Do You Need to Licence Your Home as an HMO?
Many local authorities classify any rental property where more than two households share living facilities (kitchen, toilet and bathroom) as an HMO (e.g. you could have a two bed flat, shared by 3 unrelated people, and that would be classed as an HMO) - check with Housing at your local authority if the area you live in is subject to an additional HMO licensing scheme.
Your local authority might also impose a requirement for planning permission for an HMO, even a small one (this is designed to limit the number of shared houses in a given area), so it's advisable to also check with your Planning Department if your area comes under an Article 4 Direction.
If your property is particularly large (over three storeys) and shared by 5 or more people, forming more than one household, it will be subject to mandatory HMO licensing in all parts of England and Wales.
For the record, it doesn't matter whether the occupants are lodgers or tenants, it's the fact that they're paying rent for shared accommodation and belong to more than one household - a household being an individual adult, a couple in a relationship (which can be a same sex couple, or an unmarried couple), or a family. A family is defined as people related by blood, adoption or marriage and includes more distant relatives such as cousins.
Don't forget, if the landlord lives in, the landlord and his/her family will count as one of the households sharing!
A live in employee (such as a carer, au pair or nanny) is regarded as being part of his/her employee's household.
Many HMO landlords who let to vulnerable people who may have issues that make them more of a risk to themselves and others, choose to use the HMO as their main home (though they often have another home nearby where they live with their family).
As mentioned elsewhere on this site, a live in landlord does not need to live in the property 100% of the time. Provided it's his main home, he/she will still be regarded as a live in landlord, and his/her renters will be licencees, not tenants for this reason.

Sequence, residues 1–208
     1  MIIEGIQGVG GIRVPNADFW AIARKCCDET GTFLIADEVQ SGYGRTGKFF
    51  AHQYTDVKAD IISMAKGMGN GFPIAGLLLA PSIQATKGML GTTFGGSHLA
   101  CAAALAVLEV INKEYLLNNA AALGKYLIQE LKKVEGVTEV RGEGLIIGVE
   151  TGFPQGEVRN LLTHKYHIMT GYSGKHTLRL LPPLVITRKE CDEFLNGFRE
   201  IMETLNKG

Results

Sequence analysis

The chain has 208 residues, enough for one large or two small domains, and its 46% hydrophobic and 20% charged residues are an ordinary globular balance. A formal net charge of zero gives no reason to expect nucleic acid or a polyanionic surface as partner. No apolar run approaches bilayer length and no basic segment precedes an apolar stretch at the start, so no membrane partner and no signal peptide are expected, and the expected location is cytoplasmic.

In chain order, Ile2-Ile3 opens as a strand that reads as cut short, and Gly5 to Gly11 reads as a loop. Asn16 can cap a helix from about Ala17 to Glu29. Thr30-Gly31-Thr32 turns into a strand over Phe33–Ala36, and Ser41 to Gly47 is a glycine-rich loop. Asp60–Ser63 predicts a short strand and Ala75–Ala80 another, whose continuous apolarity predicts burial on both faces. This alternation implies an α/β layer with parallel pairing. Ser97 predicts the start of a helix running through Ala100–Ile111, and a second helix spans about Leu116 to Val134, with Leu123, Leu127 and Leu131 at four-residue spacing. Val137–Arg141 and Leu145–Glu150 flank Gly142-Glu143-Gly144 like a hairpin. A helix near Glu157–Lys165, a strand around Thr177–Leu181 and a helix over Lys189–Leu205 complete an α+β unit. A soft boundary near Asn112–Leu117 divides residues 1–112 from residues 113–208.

As well as having more control over the property and its occupants, a live in landlord also has the legal advantage of being able to evict a problem licencee much more easily than a tenant under an AST. Under an AST, a landlord can give notice under Section 21 (for no reason) which requires 2 months notice and often requires enforcement with a Court Order and often bailiffs too. Or Section 8, which provides several grounds, including rent arrears (a mandatory ground) and anti social behaviour (discretionary) - but again, a Court Order and likely enforcement by bailiffs is required.
HMO safety requirements
As the law takes the view that an occupier can't always rely on housemates they may not know to use shared facilities responsibly, and the higher risks associated with multiple use of gas and electricity in general, it imposes additional safety requirements on HMOs, even where it's the landlord's home too.
As the structure, occupation and use of individual HMOs varies so much, there is no standard set of safety rules, even within the same area, but there are minimum legal requirements such as a smoke alarm on each floor (since 1 October 2015, this applies to all rental property, including one room lodger lets) and fire safety blankets in kitchens.
Contact your local authority's Housing standards and enforcement team for information and to book an assessment of your property if necessary.
Assignment (change) of resident landlord
Although it isn’t likely to happen often, it may sometimes be the case that a live in landlord moves out, to make way for another live in landlord (who could be a new owner occupier or the owner’s tenant), but the lodger(s) remains living at the property. This is likely to be more usual with HMOs.
Provided the lodger is given 28 days notice of the change of live in landlord, and the new landlord moves in within 6 months, the renter's status remains that of a lodger, although they have temporary tenancy rights if there is a gap between the old landlord moving out and the new one moving in, so they would become an excluded tenant until the new landlord moves in. However, where the lodger shares the property with other lodgers, he/she would only have exclusive rights over their room until the new landlord moves in.
If a resident landlord dies, his/her estate will simply continue as “resident” landlord (as though there had been no change of landlord) until the property is disposed of.
Further information on change of resident landlord can be found in the government leaflet, Rent a room in your home”.